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Groupon's Stock Exceeds Initial Asking Price

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Groupon's Stock Exceeds Initial Asking Price

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CHICAGO, IL - JUNE 10: The Groupon logo is displayed in the lobby of the company's international headquarters on June 10, 2011 in Chicago, Illinois. Groupon, a local e-commerce marketplace that connects merchants and consumers by offering goods and services at a discount, announced June 2 that it had filed with the Securities and Exchange Commission for a proposed initial public offering of its Class A common stock. The company, launched in Chicago in November 2008 now markets products and services in 43 countries around the world. (Photo by Scott Olson/Getty Images)

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These days, when it comes to Groupon, every ounce of good news comes with with a heaping cup of bad news. (We're not sure what that is in metric measurements.) Wednesday is no exception, but the good news is pretty eyebrow-raising: After opening at $20 and climbing to $30, Groupon's stock quickly sank. But as of press time on Wednesday, it's finally clawed its way above the initial asking price. It's at $20.39 right now. Will it last? Who knows.

Now, here's the bad news. Following Tuesday's story of a Groupon Christmas deal in London leading to one verbally abused elf quitting on the spot and a woman dressed as a Christmas tree being yelled at by patrons, today the Advertising Standards Authority has chalked up Groupon's 50th infraction this year. The 49th and 50th sounds particularly sleazy, but here's what the Guardian is reporting: "Groupon is in trouble with regulators again after a promotion for breast enhancement failed to deliver the boost promised, and a discount deal on an Ocado product that never existed."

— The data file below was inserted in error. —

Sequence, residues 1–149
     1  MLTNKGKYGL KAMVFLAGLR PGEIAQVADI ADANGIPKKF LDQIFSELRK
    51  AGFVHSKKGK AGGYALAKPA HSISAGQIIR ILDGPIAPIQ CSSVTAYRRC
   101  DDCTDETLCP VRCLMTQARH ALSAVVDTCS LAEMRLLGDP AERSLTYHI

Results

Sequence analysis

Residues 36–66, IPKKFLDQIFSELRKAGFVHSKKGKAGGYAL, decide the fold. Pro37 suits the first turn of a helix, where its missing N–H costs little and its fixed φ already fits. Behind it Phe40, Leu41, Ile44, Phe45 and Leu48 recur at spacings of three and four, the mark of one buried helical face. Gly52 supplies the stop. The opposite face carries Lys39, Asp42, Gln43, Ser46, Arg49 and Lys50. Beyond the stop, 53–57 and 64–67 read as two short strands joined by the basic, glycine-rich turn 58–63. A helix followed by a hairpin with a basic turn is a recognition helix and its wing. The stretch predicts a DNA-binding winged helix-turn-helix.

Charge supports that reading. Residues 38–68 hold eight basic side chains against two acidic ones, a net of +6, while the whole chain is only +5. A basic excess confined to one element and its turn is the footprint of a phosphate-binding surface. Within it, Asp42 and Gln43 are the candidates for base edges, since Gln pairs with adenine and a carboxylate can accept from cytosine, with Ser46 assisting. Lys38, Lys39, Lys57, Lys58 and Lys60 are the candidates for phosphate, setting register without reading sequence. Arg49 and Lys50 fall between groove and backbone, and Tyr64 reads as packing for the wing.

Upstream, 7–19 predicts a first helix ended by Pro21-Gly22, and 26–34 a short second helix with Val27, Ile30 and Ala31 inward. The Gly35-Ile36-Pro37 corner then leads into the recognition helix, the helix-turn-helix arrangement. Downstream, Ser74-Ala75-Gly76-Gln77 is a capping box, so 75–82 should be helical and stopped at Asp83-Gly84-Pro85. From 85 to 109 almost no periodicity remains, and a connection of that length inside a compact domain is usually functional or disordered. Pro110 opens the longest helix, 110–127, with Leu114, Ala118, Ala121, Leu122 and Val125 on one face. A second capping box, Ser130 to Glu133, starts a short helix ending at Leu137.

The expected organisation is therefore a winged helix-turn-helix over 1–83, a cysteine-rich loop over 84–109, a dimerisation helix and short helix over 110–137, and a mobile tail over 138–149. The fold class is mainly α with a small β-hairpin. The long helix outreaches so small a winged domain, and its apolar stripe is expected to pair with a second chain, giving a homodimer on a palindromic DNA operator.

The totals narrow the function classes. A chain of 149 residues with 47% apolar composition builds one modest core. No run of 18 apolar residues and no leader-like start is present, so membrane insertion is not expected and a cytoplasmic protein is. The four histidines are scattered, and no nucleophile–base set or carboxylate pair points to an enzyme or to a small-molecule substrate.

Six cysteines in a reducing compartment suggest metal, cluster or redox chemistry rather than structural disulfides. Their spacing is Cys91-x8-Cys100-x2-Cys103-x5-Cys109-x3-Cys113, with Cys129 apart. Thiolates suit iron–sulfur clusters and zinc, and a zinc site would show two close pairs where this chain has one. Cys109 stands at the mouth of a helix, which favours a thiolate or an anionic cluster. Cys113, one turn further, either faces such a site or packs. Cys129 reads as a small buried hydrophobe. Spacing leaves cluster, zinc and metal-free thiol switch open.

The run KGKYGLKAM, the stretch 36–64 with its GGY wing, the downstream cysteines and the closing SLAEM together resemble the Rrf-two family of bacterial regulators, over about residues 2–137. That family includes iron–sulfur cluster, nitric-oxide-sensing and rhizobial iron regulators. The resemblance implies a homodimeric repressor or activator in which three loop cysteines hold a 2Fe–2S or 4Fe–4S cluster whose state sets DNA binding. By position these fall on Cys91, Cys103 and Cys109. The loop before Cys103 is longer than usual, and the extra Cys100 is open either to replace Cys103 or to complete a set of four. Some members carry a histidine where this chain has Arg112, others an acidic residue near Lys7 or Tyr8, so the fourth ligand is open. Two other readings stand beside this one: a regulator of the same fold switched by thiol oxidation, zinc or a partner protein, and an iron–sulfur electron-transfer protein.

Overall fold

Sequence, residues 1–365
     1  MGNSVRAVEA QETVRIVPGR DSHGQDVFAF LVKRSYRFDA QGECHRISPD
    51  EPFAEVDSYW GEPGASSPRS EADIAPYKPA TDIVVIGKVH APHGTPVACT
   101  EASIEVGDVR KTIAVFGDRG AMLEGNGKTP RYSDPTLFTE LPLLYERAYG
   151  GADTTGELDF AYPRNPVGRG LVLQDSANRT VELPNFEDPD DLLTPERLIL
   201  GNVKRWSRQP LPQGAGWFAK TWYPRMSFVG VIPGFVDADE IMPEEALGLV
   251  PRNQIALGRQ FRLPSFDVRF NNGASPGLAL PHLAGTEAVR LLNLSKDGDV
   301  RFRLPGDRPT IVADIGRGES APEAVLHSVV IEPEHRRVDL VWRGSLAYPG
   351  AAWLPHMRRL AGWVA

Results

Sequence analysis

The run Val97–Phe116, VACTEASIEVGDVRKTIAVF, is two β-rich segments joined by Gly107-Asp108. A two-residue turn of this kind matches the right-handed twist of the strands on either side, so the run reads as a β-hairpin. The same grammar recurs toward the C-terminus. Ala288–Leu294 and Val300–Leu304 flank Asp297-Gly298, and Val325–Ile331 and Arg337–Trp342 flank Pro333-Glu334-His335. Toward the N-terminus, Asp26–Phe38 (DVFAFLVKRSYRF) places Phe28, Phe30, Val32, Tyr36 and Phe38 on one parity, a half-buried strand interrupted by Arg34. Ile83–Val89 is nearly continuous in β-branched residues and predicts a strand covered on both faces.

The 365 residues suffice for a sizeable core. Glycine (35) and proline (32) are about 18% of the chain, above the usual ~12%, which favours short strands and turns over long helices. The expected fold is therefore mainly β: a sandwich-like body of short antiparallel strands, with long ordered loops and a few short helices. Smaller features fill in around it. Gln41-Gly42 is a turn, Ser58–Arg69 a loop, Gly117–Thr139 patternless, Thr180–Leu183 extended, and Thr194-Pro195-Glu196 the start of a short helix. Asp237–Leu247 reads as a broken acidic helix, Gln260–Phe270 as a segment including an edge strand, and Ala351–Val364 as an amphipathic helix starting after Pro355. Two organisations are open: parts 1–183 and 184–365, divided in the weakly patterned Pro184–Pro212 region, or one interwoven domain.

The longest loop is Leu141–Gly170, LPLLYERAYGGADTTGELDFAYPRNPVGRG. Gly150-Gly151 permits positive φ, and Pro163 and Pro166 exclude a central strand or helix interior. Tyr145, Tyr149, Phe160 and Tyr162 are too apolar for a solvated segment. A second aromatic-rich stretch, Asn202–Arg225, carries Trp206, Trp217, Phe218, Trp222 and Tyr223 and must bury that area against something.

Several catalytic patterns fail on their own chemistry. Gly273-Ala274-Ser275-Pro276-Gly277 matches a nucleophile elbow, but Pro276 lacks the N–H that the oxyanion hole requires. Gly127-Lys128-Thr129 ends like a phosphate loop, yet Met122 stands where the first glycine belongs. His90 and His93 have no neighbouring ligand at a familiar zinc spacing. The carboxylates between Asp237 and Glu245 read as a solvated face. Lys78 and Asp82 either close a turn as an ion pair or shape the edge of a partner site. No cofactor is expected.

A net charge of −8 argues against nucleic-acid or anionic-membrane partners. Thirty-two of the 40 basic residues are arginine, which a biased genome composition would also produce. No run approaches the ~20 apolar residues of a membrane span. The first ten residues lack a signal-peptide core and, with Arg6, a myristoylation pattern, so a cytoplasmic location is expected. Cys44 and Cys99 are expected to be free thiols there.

Ocado is kind of like the UK's version of Peapod, an online supermarket delivery system.

Over on these shores, Groupon isn't exactly bulletproof, either. According to Bloomberg, BidMyCrib.com "sued Groupon today in federal court in Chicago, seeking to make the case a group lawsuit, or class action, on behalf of the company’s merchant clients. The suit, which accuses Groupon of violating the Stored Communications Act by altering sent e-mails 'in electronic storage,' seeks unspecified damages."

Good news, bad news. At least it's not exactly liters of one and gallons of the other. 

David Wolinsky is a freelance writer and a lifelong Chicagoan. In addition to currently serving as an interviewer-writer for Adult Swim, he's also a columnist for EGM. He was the Chicago city editor for The Onion A.V. Club where he provided in-depth daily coverage of this city's bustling arts/entertainment scene for half a decade. When not playing video games for work he's thinking of dashing out to Chicago Diner, Pizano's, or Yummy Yummy. His first career aspirations were to be a game-show host.

Related Topics Groupon, Lawsuits, Now What?
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